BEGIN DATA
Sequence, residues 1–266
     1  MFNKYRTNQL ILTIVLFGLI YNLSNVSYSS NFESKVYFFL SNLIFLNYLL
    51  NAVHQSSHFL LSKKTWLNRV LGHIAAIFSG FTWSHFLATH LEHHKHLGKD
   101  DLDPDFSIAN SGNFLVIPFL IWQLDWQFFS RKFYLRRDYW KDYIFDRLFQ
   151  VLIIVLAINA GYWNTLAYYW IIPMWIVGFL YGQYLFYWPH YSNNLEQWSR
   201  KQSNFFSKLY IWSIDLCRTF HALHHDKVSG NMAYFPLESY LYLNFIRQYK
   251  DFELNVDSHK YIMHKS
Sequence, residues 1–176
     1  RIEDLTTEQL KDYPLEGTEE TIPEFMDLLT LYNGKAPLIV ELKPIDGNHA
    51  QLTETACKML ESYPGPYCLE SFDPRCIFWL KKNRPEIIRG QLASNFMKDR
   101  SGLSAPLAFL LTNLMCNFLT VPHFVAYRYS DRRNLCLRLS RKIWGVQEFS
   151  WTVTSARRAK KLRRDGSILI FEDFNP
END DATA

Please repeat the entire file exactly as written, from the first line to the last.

Sequence, residues 1–266
     1  MFNKYRTNQL ILTIVLFGLI YNLSNVSYSS NFESKVYFFL SNLIFLNYLL
    51  NAVHQSSHFL LSKKTWLNRV LGHIAAIFSG FTWSHFLATH LEHHKHLGKD
   101  DLDPDFSIAN SGNFLVIPFL IWQLDWQFFS RKFYLRRDYW KDYIFDRLFQ
   151  VLIIVLAINA GYWNTLAYYW IIPMWIVGFL YGQYLFYWPH YSNNLEQWSR
   201  KQSNFFSKLY IWSIDLCRTF HALHHDKVSG NMAYFPLESY LYLNFIRQYK
   251  DFELNVDSHK YIMHKS
Sequence, residues 1–176
     1  RIEDLTTEQL KDYPLEGTEE TIPEFMDLLT LYNGKAPLIV ELKPIDGNHA
    51  QLTETACKML ESYPGPYCLE SFDPRCIFWL KKNRPEIIRG QLASNFMKDR
   101  SGLSAPLAFL LTNLMCNFLT VPHFVAYRYS DRRNLCLRLS RKIWGVQEFS
   151  WTVTSARRAK KLRRDGSILI FEDFNP